Types of science
Science is a set of knowledge that is organized in a systematic and methodical way in different areas of study. It starts from the observations, experiments and analyzes that show the facts or data studied, and from which theories, principles, hypotheses, study models, among others, have emerged.
In this way, different types of science can be distinguished according to their object of study, such as formal sciences, factual sciences, natural sciences and social sciences.
The formal sciences are those that start from the ideas, inferences or abstract thoughts that human beings formulate, in a rational and coherent way, and that can be applied to various objects or subjects of study, even real ones.
Formal sciences rely on deduction as a study method, and their statements are made up of systems or sign relationships that allow their content to be deductively and non-empirically demonstrated or proven, hence they are considered self-sufficient.
Therefore, its information is validated through abstract structures that allow the organization and rational analysis of the content to obtain a logical truth, that is, all the possibilities in which a pre-established fact or form can be combined are taken into account.
Examples of formal science are logic, mathematics, statistics, even computing.
The factual sciences or empirical sciences are intended to study, understand and describe a natural phenomenon or a real event, which is observable and measurable in a specific time and space, therefore it does not rely on abstract or rational thought as in formal sciences, although sometimes it can resort to them.
The factual sciences make use of the statements that expose work or research processes, therefore their development is empirical, that is, it involves a practical or experimental method to validate or not a hypothesis.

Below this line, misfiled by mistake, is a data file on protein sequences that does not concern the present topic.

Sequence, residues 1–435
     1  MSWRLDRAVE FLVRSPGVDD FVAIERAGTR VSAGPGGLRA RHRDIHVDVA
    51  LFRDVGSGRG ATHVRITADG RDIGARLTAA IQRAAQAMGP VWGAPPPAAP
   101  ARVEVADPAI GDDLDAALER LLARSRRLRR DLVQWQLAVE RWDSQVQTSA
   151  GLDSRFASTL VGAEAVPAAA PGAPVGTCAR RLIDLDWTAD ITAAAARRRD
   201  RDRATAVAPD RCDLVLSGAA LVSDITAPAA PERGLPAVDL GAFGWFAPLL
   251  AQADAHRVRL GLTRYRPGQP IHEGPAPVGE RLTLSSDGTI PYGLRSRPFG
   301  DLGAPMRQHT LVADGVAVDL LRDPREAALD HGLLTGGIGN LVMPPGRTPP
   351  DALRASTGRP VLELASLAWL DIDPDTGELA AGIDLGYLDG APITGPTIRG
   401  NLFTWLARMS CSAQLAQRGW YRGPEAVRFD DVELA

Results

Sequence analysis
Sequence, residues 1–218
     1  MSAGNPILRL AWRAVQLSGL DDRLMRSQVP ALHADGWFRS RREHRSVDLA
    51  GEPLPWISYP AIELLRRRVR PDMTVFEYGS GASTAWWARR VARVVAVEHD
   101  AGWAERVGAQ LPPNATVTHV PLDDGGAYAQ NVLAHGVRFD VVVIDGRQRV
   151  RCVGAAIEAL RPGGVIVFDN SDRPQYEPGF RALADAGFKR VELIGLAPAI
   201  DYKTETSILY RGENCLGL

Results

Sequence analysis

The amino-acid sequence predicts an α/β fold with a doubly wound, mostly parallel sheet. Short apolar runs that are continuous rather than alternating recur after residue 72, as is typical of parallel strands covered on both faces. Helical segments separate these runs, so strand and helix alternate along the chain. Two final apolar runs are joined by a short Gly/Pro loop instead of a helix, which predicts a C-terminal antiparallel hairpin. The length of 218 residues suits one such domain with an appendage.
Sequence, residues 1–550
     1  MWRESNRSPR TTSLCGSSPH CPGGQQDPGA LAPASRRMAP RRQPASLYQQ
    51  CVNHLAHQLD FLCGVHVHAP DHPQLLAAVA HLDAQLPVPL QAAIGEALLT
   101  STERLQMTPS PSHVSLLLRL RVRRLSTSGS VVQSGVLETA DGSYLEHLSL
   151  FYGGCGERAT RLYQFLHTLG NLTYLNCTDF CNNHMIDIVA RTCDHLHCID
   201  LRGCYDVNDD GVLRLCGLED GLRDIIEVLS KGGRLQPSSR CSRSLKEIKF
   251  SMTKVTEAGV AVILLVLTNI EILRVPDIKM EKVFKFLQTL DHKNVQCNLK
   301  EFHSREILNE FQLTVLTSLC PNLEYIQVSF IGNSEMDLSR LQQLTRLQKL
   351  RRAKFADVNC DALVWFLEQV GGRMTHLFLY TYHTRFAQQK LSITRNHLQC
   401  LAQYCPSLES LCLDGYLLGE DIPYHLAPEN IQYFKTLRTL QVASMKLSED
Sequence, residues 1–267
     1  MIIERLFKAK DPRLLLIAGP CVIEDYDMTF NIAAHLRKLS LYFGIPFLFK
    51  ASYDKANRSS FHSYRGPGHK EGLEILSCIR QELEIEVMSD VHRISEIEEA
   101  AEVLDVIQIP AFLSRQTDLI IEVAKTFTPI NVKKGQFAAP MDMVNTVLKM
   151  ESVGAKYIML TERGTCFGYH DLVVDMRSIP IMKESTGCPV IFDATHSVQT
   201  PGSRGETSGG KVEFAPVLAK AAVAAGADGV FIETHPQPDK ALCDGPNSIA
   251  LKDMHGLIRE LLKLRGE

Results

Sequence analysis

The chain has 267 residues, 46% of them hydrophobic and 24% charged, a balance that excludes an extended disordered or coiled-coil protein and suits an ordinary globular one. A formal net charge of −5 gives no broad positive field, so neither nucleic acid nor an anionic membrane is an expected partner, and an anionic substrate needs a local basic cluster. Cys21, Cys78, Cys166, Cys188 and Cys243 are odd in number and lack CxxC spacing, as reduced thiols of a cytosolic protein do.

Therefore, these sciences allow the verification of data or content, even the representation of some facts or phenomena.
On the other hand, it is worth mentioning that some specialists state that the factual sciences should include the natural sciences and the social sciences.
The natural sciences are those that study nature and its phenomena. In these sciences, the scientific method is applied to carry out various studies, in which both the most general and the most specific aspects of nature and living beings in general are taken into account.
In this way hypotheses can be formulated and consequences deduced that must be verified through experimental tests to prove whether they are valid or not. Hence, it is of great importance to carry out observations and experiments that allow describing, exposing, explaining, verifying and predicting phenomena or events that can be simple or complex.
From the natural sciences, laws and basic principles of cause and effect can be established and applied, which expose how studies should be carried out around certain study objectives.
Likewise, the natural sciences can be supported by various rational or abstract ideas that allow them to better understand the reality under study.
Among the natural sciences, physics, chemistry, biology (and other sciences that study the various forms of life such as botany or zoology), psychology, astronomy and geology stand out.
The social sciences or human sciences are those that focus on the study of human behavior, as well as the various cultural and social processes that have developed throughout the history of mankind.
These sciences study people as individual and social entities taking into account their behavior in various situations, their values, belief systems or practiced cults, political positions, economic activities, the types of organization to which they belong, among others.
Likewise, in the social sciences, cultural, material and immaterial manifestations are also taken into account, as part of the cultural expressions and cultural identity of individuals.
The practice and study of these sciences leads to the analysis, description and understanding of various actions of an individual and social nature that imply an ethical and moral reflection on the behaviors and actions that people take under certain circumstances.
In this sense, studies in the areas of anthropology, economics, political science, sociology, history, communication, among others, form part of the social sciences. These sciences are supported by quantitative or qualitative research, as the case may be.